As editor of the news website Mediazona, Sergei Smirnov built a reputation covering grotesque tales from Russia’s judicial system.
So when police arrested Smirnov this month as he was out for a walk with his young son, and then charged him with “inciting illegal [anti-government] demonstrations” by retweeting a joke about himself, the editor was hardly surprised.
“When you write about this stuff, sooner or later it can happen to you,” Smirnov said after his release from a 15-day sentence in a detention centre outside Moscow on Thursday. “Obviously we live in a country where you unfortunately have to be ready.”
Russia’s rubber-stamp courts have played a starring role in the Kremlin’s crackdown on a protest movement led by anti-corruption activist Alexei Navalny, president Vladimir Putin’s pre-eminent challenger.
At least 90 protesters face criminal prosecution, according to Russia’s interior ministry. Hundreds of the more than 10,000 arrested at protests in January and early February were sentenced to short jail sentences like Smirnov.
Though many defendants argued that police forged evidence against them, almost none were acquitted, according to independent watchdog OVD-Info. A court in St Petersburg even fined Evgeny Agafonov Rbs5,000 for “chanting slogans” — even though he is deaf-mute and testified he could not hear the police while on the way to the shop.
The rush to prosecute the Kremlin’s political opponents has highlighted what experts say are longstanding problems in Russia’s court system. Convictions are all but guaranteed; prosecutions become tools in business disputes; and the phenomenon of “telephone justice” is so widespread that pranksters have passed themselves off as bosses from Moscow to convince lower-level officials to issue the required rulings.
“Political cases are a tiny fraction of the court system, but the way Russian courts are organised makes them very easy to use as part of a repressive mechanism when the central leadership wants to,” said Kirill Titaev, a sociologist at the European University in St Petersburg.
The protests began last month after Navalny, 44, was arrested immediately upon returning to Russia from Germany, where he had recuperated from poisoning by a nerve agent.
He was jailed following an impromptu hearing in a police station, and sent to prison for two and a half years for violating the terms of a 2014 suspended fraud sentence.
After Russia dismissed a demand from the European Court of Human Rights to free Navalny this week as “inherently unenforceable”, a Moscow appeals court upheld the sentence against him on Saturday. Hours later, another court found him guilty on separate charges of defaming a second world war veteran. Navalny was also fined Rbs850,000.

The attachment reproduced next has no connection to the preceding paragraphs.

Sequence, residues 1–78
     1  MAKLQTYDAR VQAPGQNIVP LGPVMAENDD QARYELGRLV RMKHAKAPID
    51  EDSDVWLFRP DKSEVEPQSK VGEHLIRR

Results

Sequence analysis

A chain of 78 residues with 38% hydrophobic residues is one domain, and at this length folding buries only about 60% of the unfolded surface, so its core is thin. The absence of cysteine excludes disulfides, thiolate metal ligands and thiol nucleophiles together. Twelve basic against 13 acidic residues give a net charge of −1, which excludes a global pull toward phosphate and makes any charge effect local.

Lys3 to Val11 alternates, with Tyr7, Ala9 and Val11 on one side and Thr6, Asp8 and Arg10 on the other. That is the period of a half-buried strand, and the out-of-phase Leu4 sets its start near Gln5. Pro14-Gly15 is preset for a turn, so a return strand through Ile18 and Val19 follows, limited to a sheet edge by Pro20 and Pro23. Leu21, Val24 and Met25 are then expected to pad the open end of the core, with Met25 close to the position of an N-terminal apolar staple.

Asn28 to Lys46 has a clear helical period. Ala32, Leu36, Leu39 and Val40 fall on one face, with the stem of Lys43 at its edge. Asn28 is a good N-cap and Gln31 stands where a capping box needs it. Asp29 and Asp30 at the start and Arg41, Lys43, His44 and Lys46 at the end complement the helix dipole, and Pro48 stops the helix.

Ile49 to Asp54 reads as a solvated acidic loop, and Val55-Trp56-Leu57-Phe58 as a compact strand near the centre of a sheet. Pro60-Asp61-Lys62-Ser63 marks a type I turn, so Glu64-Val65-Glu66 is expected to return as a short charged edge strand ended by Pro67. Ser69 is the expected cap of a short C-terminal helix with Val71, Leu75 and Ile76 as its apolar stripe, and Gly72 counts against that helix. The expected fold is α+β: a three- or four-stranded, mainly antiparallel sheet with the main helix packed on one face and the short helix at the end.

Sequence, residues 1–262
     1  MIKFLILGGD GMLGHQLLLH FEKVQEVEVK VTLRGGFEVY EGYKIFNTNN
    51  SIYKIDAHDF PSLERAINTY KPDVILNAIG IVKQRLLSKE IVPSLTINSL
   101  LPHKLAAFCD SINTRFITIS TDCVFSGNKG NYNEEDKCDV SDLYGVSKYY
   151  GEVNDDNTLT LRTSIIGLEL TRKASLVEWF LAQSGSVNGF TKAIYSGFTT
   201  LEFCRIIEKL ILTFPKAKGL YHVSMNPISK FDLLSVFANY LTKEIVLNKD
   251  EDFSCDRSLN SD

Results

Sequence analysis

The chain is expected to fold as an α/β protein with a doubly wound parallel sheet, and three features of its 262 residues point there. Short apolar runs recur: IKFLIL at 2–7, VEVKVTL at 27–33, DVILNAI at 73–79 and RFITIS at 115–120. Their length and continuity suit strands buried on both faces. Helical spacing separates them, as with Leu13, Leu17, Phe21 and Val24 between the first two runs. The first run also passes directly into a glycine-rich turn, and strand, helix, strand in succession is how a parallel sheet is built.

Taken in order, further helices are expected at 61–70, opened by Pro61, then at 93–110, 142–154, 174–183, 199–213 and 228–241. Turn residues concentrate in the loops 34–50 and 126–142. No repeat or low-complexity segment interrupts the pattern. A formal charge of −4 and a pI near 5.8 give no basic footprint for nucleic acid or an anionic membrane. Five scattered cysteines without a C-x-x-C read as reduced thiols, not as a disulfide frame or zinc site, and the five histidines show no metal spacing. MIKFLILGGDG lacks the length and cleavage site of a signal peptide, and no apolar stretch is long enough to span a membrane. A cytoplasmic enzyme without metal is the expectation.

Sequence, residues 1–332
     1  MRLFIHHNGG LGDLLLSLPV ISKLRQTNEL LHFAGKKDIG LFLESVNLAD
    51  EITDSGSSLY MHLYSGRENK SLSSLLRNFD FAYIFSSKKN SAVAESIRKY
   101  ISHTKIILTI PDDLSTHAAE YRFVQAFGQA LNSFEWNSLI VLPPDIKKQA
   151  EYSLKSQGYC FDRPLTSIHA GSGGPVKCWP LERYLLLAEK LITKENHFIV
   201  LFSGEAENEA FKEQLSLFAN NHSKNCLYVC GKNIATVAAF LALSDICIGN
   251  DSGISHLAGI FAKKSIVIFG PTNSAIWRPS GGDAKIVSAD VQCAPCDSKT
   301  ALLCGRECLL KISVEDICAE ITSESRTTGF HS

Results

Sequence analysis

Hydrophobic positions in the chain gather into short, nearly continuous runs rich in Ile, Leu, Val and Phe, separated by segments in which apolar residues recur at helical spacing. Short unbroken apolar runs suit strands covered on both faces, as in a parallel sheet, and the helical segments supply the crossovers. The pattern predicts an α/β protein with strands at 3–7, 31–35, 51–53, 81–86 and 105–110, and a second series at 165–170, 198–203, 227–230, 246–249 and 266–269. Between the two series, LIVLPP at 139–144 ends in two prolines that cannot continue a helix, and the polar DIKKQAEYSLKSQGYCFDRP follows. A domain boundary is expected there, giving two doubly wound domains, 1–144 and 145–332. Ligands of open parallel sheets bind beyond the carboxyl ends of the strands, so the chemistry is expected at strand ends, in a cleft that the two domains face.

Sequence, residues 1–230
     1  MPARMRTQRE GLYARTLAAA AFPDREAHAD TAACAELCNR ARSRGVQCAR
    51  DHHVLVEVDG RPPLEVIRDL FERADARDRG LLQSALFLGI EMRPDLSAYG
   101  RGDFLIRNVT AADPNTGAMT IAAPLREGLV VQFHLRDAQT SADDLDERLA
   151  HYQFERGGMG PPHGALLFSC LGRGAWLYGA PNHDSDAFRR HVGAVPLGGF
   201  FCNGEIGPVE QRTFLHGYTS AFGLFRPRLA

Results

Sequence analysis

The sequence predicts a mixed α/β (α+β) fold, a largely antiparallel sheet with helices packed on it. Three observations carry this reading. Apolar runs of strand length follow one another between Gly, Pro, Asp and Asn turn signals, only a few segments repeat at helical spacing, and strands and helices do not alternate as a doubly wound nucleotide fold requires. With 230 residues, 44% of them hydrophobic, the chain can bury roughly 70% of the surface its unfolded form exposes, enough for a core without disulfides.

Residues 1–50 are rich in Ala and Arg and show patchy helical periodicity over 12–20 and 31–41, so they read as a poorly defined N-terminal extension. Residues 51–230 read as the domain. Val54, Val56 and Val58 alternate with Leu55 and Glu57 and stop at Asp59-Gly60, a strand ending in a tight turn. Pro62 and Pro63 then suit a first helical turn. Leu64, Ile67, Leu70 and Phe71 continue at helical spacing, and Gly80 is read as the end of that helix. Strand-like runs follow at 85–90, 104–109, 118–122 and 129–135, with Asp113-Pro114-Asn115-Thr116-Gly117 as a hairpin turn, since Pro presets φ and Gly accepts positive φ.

He said the second case, brought on charges filed by the grandson of 94-year-old former partisan Ignat Artemenko was aimed at providing fodder for state TV to slander him.
One television anchor compared him unfavourably to Hitler, who “unlike that codpiece führer [a reference to the nerve agent Navalny says Russian secret services smeared on his underwear] didn’t dodge the army, he fought honourably.”
Navalny remained unbowed during closing arguments on Saturday. In a fiery speech before the verdict, during which he referred to the Sermon on the Mount, Harry Potter, Soviet dissidents, and the cartoon Rick and Morty, Navalny claimed his trials were designed to scare people off from protesting against Putin’s government.
“There’s some sort of signal that . . . Vladimir Putin, the owner of this wonderful palace, is sending: ‘Look, it’s all weird, but we can do it,’” Navalny said. “Like a juggler or a magician, he spins a ball on his fingers, then on his head, and says: ‘Look, we can twirl this court system around any part of our body. What do you think you’re doing against us? We can do whatever we want, just like this.’”
Defendants in Russian courts are all but guaranteed to be convicted. In 2020, 99.64 per cent of criminal trials ended in convictions, the lowest rate for the last six years.
Last month, Putin hailed judges for braving the pandemic and “giving their all despite the risks to defend the rights of citizens, the state, and society”.
Periodic attempts at reforming Russia’s courts have failed, leaving them effectively in the hands of the Kremlin, Titaev said.
“Corruption is out of control,” he added. “The presidential administration and the security services have complete control over judicial appointments . . . so neither the government, nor the judicial body that’s formed over the last 20 years have any interest in changing it.”
In cases with clear political overtones such as Navalny’s, any unexpected acquittals have come after the Kremlin has acquiesced to public opinion — most notably in 2019, when defendants in two such cases were released. Reversals, however, remain so rare that supporters interpreted the four-year suspended sentence given to activist Anastasia Shevchenko for being part of an “undesirable organisation” this week as a small victory.
The Kremlin appears keen to send Navalny’s supporters a message after this winter’s protests. State-linked media have published leaked video confessions from defendants charged with assaulting police. Pavel Zelensky, a cameraman at Navalny’s foundation facing five years in prison for “inciting extremism” in two tweets, fired his lawyer and pleaded guilty this week, a move Navalny’s team claimed was probably made under duress.
Navalny on Saturday urged his supporters to continue their fight. “Don’t be part of the lie, don’t make the world around you worse,” he said. “There’s a risk, but it’s not that big, and as another great modern philosopher named Rick Sanchez (the main character in Rick and Morty) said: ‘To live is to risk it all, otherwise you’re just an inert chunk of randomly assembled molecules drifting wherever the universe blows you.’”